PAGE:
Massage & Bodywork

JULY | AUGUST 2016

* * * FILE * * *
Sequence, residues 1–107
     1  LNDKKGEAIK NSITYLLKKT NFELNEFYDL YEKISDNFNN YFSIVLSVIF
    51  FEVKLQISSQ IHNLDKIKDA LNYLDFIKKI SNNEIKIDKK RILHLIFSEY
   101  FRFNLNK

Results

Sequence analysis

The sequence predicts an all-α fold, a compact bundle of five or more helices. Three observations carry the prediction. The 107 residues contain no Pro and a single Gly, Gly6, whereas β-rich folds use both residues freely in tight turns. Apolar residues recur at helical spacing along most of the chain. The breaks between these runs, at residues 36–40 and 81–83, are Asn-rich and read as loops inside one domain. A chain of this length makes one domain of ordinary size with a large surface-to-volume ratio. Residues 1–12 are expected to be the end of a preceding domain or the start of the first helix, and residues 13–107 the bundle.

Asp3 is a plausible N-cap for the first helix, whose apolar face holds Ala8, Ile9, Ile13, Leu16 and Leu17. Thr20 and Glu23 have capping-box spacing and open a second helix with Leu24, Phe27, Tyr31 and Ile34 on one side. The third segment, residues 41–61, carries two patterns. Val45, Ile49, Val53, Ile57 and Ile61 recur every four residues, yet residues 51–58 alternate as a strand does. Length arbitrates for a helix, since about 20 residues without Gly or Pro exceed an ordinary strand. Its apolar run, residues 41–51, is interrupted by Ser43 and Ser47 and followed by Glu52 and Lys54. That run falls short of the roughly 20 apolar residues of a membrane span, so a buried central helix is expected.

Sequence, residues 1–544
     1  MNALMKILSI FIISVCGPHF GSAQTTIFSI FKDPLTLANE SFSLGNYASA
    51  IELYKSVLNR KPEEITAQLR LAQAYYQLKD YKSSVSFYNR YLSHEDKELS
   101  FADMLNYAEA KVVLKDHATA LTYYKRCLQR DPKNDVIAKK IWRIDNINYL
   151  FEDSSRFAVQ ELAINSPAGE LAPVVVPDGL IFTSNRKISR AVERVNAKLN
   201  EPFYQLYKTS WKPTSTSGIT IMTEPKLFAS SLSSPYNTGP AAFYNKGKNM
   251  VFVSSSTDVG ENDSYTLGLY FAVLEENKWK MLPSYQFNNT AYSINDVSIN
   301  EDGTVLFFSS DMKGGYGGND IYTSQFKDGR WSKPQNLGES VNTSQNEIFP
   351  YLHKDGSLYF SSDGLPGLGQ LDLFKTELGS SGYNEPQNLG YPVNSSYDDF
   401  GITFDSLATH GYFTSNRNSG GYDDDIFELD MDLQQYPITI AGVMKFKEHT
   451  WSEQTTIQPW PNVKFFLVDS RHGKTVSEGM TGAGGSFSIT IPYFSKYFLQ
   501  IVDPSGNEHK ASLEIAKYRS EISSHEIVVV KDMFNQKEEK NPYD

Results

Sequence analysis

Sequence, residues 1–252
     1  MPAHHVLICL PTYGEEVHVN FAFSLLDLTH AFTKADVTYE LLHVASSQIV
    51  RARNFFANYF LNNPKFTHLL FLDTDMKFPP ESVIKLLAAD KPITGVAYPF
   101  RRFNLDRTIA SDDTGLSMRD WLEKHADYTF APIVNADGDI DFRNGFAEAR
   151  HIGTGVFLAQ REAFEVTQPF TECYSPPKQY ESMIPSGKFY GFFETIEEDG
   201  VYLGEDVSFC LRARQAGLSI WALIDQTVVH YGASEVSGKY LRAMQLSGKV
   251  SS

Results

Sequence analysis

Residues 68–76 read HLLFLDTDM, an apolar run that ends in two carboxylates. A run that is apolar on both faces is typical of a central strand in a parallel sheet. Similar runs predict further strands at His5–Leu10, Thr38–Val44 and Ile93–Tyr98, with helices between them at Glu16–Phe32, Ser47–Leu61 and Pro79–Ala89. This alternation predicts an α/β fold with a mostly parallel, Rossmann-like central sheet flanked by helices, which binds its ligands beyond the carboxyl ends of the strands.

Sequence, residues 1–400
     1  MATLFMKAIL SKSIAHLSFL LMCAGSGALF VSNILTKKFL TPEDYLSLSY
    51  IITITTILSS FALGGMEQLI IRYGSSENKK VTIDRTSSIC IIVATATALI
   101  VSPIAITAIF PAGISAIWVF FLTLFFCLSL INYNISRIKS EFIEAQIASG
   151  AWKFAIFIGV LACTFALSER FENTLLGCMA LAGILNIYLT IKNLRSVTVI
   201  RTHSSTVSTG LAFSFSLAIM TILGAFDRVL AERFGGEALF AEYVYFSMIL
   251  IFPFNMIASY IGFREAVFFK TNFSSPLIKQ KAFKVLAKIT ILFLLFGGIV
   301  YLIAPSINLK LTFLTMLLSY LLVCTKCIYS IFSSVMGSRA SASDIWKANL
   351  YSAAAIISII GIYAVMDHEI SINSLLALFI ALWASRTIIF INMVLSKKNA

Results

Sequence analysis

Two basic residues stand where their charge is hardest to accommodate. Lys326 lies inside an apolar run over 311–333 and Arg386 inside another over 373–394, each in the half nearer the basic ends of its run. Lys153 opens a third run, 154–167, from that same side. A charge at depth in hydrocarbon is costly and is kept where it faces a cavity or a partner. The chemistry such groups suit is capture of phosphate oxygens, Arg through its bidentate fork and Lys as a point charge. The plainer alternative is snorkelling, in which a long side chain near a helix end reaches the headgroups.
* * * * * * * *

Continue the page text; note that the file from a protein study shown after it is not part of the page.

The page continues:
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C h e c k o u t A B M P 's l a t e s t n e w s a n d b l o g p o s t s . Av a i l a b l e a t w w w. a b m p . c o m . 99 There are several anatomical locations where nerve tissue is highly susceptible to excess tension forces. These locations include: • Tunnels—where a nerve has to pass through a narrow opening. • Branching—where a nerve divides into two or more separate branches. • Fixation—where a nerve is tethered or fixed to an adjacent structure, like where the deep peroneal nerve is tethered to the head of the fibula just below the knee. • Unyielding surface—where a nerve has to pass next to an unyielding surface, such as a bone. One of the most challenging facets of nerve compression and tension disorders is identifying where the primary problem is occurring. There are no high-tech diagnostic tests that have proven reliable and effective in identifying key locations of mechanical nerve stress. As a result, detailed clinical examination in its fullest sense is still the most valuable for assessing these disorders. It is important to incorporate information from history, palpation, and other basic physical examination procedures, such as range-of-motion and resistance testing when examining for nerve involvement. Most upper-extremity nerve dysfunctions are perceived as localized compression disorders like carpal tunnel syndrome. Yet, other nerve disorders that are not specifically named conditions can occur in other locations. For example, scar tissue from an injury can bind a nerve to adjacent structures, limiting its mobility and causing nerve-related symptoms like pain, burning, or tingling. Applying neurodynamics concepts gives you more information about areas of restriction so your treatment can be applied to the most affected region. Neurodynamics principles are also useful in treatment for improving neural mobility. ULNTS The ULNT can prove helpful for locating nerve dysfunction in the upper extremity. 3 These tests are helpful because they can provide information about areas of restriction throughout the entire length of the nerve instead of just a few common compression sites. However, it is important to note that all the procedures that are used to identify nerve entrapment in the upper extremity have some limitations in accuracy. Any specific assessment procedure has a certain degree of reliability and accuracy; this is true for nerve evaluations as well. Some tests are more accurate than others; this is why relying on special tests alone during evaluation is not effective. Special orthopedic tests, such as the Phalen's test for carpal tunnel syndrome (for an example of the Phalen's test, see "Helping Dustin Play," Massage & Bodywork, January/February 2015, page 94), are helpful, but only focus on specific locations of entrapment, such as the carpal tunnel. As mentioned earlier, nerves can be irritated from compression or bind in many locations along the entire length of the nerve. So, any procedure that can help locate areas of neural dysfunction are helpful. Research shows that clinicians can improve assessment accuracy with a comprehensive clinical evaluation that includes a detailed history and series of physical examination methods. Because no single test alone has proven to be highly accurate for recognizing median nerve pathology, combining evaluation procedures produces the most accurate clinical picture of the client's condition. There are four common ULNTs: the first two test the median nerve, the third tests the radial, and the fourth tests the ulnar. The numbering and naming of these tests is not always consistent, but most commonly they are referred to as ULNT #1–4. To avoid confusion in treatment notes, identify the ULNT used by the nerve being stressed during the test. For example, treatment notes might state, "ULNT #1 with median nerve emphasis." This article focuses on ULNT #1 for the median nerve because median nerve disorders are the most common in the upper extremity. Here are some general guidelines for how to perform a ULNT (regardless of which one). The practitioner performs a series of movements that gradually increase tension on the nerve. Symptoms, if present, will usually increase as movements are added. Movements are performed in the order listed with each test. However, it may also be helpful to alter the order in some cases to get more information about the location of decreased neural mobility.

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